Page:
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Coronavirus Infections Increase Sharply as Central Europe Sounds Alarm


A man wears a mask as demonstrators gather to protest the COVID-19 preventative measures downtown Prague, Czech Republic. (AP Photo/Petr David Josek)
Virus Surges as Central Europe Sounds Alarm
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Soldiers in Poland are giving coronavirus tests. United States National Guard troops with medical training are going to the Czech Republic to work with doctors there. A Czech university student is taking blood to be tested, and the mayor of Prague is working at a hospital.

With coronavirus cases rising in central Europe, firefighters, students and retired doctors are being asked to help failing health care systems.

“This is actually terrifying,” Piotr Suwalski said. He is a doctor and the head of the heart surgery department at a Polish hospital. He spoke with an Associated Press reporter on a day when daily COVID-19 cases rose 20 percent across the country.

“I think if we continue to gain 20 percent a day, no system can withstand it,” he added.

Even before the COVID-19 pandemic, many countries in the area had a shortage of medical workers. This resulted from years of cuts in health care spending. After these countries joined the European Union in 2004, many of their doctors and nurses left for better paying jobs in Western Europe.

Now, some of the health care workers who stayed in Central Europe have caught the virus. Over 13,200 medical workers across the Czech Republic have been infected, noted a labor union representing the doctors. That number includes 2,600 doctors and 6,000 nurses.

Both Poland and the Czech Republic are building field hospitals as hospital beds fill up. Polish officials said there are only 12 ventilators left in all hospitals taking COVID-19 patients around Warsaw, the capital.

Shortages of medical equipment may sound familiar, but not for these countries.

Many in the area had strong health safety measures in the spring. They closed their borders, schools, restaurants and stores. As a result, the infection rate was very low.

As the virus killed tens of thousands in Western Europe, Central Europe thought it had escaped the worst of it. No longer.

This month, while announcing new restrictions, Czech Prime Minister Andrej Babis set a date on when his country’s health system would collapse without taking action: between November 7 and 11.

The Czech Republic has one of the highest infections rates in Europe. The government is sending thousands of medical students to hospitals and other students to testing areas.

The mayor of Prague, Zdenek Hrib, volunteered to help do exams of possible coronavirus patients at a university hospital. As a young man, he completed a study program in medicine.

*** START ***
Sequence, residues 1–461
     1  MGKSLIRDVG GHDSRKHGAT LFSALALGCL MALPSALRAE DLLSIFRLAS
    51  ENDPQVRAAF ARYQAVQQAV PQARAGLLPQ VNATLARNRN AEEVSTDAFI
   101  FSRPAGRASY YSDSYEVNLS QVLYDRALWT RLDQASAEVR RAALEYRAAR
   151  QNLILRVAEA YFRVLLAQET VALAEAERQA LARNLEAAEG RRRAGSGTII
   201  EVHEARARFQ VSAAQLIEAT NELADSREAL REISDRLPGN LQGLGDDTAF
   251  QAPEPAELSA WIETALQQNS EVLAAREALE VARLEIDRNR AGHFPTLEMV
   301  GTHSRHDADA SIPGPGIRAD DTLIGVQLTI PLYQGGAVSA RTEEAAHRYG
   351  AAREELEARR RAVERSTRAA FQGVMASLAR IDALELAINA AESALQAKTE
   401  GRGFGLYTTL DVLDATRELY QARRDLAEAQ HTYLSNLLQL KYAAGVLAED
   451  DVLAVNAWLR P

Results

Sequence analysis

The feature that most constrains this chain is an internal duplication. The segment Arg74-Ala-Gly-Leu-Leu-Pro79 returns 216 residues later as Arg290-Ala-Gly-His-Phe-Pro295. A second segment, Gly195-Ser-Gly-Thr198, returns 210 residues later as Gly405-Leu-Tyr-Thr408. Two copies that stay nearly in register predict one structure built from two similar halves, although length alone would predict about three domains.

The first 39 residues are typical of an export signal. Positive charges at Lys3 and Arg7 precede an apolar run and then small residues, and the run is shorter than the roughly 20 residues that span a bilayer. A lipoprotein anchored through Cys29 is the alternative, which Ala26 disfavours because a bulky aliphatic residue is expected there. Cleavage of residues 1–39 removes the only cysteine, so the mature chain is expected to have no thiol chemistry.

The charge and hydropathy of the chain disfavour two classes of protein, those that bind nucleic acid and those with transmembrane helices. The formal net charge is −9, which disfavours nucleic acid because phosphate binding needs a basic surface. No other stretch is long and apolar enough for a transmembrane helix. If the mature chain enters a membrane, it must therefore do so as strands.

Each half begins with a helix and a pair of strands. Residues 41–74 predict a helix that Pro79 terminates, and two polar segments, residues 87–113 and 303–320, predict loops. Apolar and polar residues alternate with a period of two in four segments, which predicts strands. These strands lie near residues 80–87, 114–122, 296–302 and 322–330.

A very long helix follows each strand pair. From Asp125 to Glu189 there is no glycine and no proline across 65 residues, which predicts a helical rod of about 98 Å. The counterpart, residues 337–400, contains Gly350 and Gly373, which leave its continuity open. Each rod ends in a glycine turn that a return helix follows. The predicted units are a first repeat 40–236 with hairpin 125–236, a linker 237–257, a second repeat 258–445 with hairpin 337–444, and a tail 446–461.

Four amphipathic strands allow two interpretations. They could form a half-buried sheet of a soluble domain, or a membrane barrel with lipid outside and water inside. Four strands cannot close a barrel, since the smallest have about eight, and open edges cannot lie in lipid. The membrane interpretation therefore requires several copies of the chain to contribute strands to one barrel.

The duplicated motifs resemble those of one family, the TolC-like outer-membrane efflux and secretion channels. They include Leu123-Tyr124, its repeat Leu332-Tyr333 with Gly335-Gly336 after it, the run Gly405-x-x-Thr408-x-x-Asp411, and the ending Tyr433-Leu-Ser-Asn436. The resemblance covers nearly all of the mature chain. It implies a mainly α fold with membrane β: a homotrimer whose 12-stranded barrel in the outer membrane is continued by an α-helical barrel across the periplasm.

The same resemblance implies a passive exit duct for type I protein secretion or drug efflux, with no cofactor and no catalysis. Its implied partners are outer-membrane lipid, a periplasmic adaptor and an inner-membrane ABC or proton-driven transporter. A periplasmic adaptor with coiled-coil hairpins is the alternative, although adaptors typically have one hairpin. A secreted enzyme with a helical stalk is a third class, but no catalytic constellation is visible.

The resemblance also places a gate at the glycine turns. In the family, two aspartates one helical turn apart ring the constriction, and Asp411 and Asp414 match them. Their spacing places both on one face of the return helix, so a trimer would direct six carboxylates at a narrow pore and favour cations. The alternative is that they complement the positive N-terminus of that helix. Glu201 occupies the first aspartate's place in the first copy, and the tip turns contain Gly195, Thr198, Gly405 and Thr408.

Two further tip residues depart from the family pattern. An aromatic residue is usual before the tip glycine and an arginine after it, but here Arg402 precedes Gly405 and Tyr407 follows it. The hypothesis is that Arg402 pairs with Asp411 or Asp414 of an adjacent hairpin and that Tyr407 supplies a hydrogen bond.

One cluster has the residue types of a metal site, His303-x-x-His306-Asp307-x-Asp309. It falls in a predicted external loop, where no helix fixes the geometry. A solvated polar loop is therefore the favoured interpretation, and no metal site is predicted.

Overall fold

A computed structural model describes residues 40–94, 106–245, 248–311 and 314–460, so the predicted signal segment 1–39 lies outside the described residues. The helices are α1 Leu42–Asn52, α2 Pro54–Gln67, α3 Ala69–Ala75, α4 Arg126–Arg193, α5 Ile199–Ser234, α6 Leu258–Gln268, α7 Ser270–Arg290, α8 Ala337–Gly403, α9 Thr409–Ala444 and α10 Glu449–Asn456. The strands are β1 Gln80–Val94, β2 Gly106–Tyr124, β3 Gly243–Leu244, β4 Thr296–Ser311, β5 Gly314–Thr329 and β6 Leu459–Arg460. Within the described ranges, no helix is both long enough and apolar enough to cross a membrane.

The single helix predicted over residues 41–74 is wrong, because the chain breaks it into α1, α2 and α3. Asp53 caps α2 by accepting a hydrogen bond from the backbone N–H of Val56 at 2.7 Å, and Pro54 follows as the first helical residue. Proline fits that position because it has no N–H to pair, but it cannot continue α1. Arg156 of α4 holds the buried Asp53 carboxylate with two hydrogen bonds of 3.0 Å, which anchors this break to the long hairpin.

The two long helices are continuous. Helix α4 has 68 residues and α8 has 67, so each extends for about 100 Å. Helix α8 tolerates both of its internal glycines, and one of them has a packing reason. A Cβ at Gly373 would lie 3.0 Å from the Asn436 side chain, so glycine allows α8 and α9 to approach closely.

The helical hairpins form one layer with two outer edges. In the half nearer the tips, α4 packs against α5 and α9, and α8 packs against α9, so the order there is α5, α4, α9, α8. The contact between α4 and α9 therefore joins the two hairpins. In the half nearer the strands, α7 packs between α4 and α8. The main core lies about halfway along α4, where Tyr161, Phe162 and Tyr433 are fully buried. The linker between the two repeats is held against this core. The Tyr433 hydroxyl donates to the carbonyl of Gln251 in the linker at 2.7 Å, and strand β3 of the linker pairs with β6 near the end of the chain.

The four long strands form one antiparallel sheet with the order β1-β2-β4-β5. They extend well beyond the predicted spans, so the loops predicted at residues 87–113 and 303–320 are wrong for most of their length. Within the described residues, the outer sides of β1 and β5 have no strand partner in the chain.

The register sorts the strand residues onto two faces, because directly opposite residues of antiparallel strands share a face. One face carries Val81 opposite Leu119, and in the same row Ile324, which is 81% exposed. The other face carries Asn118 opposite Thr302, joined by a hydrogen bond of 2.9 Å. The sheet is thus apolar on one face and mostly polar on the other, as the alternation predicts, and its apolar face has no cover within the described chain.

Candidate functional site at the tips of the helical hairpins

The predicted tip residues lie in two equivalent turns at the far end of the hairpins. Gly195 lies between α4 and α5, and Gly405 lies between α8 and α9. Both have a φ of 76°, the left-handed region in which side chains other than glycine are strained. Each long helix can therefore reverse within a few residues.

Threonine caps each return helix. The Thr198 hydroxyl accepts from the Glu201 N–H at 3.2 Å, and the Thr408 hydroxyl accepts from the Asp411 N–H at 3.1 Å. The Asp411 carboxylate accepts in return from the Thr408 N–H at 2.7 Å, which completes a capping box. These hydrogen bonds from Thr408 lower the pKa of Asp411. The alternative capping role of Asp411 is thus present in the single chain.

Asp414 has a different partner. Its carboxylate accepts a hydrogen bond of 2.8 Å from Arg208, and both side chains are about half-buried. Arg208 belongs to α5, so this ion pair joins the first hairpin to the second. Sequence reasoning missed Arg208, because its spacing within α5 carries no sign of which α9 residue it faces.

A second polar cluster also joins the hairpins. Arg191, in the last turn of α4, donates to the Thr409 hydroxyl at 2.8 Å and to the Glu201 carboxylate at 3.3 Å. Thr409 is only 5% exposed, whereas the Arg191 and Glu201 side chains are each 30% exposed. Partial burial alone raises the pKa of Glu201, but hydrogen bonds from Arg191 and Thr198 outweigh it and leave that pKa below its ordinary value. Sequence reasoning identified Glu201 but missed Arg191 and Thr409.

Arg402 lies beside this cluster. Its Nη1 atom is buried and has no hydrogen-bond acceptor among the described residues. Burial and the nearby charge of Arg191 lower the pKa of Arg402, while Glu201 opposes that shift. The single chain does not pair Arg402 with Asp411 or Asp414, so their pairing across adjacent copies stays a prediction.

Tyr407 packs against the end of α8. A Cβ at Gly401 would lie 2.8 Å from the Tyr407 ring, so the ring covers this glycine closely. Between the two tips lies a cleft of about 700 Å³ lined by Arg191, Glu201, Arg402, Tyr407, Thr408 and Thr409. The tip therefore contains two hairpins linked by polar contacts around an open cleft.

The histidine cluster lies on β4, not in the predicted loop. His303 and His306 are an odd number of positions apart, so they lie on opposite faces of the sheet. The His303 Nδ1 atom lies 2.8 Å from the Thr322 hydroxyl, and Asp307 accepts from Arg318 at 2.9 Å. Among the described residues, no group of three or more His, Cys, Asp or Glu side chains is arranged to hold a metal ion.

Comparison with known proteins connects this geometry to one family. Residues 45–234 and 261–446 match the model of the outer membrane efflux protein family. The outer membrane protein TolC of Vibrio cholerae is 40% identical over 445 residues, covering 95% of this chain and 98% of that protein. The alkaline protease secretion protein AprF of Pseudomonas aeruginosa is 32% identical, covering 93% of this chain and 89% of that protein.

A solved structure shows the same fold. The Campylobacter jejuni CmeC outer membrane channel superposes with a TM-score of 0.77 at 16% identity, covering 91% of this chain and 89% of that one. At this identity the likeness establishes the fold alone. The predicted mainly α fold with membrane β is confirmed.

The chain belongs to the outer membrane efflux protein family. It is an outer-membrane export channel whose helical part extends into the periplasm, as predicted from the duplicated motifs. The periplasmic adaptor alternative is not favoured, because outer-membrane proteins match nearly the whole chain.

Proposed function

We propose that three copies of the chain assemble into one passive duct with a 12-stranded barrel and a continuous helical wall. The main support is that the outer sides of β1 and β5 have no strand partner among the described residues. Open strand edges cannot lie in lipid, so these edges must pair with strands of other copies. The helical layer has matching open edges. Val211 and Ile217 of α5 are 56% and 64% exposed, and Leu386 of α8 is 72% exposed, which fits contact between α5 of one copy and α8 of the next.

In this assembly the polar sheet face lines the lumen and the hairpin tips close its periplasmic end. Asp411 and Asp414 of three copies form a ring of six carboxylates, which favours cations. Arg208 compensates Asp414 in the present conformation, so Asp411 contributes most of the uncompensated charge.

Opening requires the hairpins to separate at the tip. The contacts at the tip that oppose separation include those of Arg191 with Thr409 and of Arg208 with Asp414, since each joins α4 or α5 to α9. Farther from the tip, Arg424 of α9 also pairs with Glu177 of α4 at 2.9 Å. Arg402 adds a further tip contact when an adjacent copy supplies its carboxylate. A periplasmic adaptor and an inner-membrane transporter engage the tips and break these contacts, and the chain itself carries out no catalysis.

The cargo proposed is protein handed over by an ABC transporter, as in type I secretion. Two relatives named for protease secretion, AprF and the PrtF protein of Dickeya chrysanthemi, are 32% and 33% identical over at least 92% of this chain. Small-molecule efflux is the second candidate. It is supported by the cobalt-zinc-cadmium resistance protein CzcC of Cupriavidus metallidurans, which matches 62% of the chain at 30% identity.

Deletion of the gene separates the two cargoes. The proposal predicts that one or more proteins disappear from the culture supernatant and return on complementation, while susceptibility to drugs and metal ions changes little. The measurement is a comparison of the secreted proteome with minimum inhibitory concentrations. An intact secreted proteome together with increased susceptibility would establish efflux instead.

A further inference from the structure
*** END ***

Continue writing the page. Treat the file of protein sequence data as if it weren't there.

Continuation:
Soon, 28 medical personnel from the United States are expected to arrive to help treat patients at Prague’s military hospital. The U.S. workers are members of the Nebraska and Texas national guards.

Croatia has asked former doctors to come out of retirement to help in hospitals. Slovenia has asked retired doctors and medical students to be ready to assist in hospitals soon.

Polish soldiers are doing COVID-19 testing, so trained experts can work in hospitals with patients. Three times this past week, Poland reported new record highs in daily infections. On Thursday, it also announced its highest number of daily deaths, at 301.

At the Interior Ministry Hospital in Warsaw, deaths among people with cancer and other diseases are rising because medical workers cannot keep up with their care, noted Suwalski.

“The numbers of victims of this pandemic are… also (patients) who die because of the change of conditions, and even the collapse of the medical system,” he added.

It is worse in small towns, such as the one in Kyjov, a town of 11,000 in the southeastern Czech Republic.

Lubomir Wenzl is the director of the hospital there. He said the number of COVID-19 patients doubled in just three weeks to almost 60. Then, doctors and other hospital workers caught the virus.

Many volunteers offered to help, but their work is limited.

Dr. Jiri Vyhnal is the head of the intensive care department. His office treats COVID-19 patients in serious condition.

“It’s impossible to replace those doctors by anyone else, because you need a long time to gain experience to become a good intensive care specialist,” he said. “The problem is that a small group of doctors and nurses will have to take care of a high number of patients.”

The intensive care department, meanwhile, has 11 patients and can accept up to 18, he explained.

I’m Susan Shand.

The Associated Press reported this story. Susan Shand adapted it for Learning English. George Grow was the editor.

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Words in This Story

surgery - n. performing an operation on the human body

department - n. a unit or area of an organization

pandemic - n. a contagious disease that spreads to many countries

nurse - n. one who assists a doctor

ventilator - n. a machine that helps a person breath

familiar - adj. something that is known already to someone

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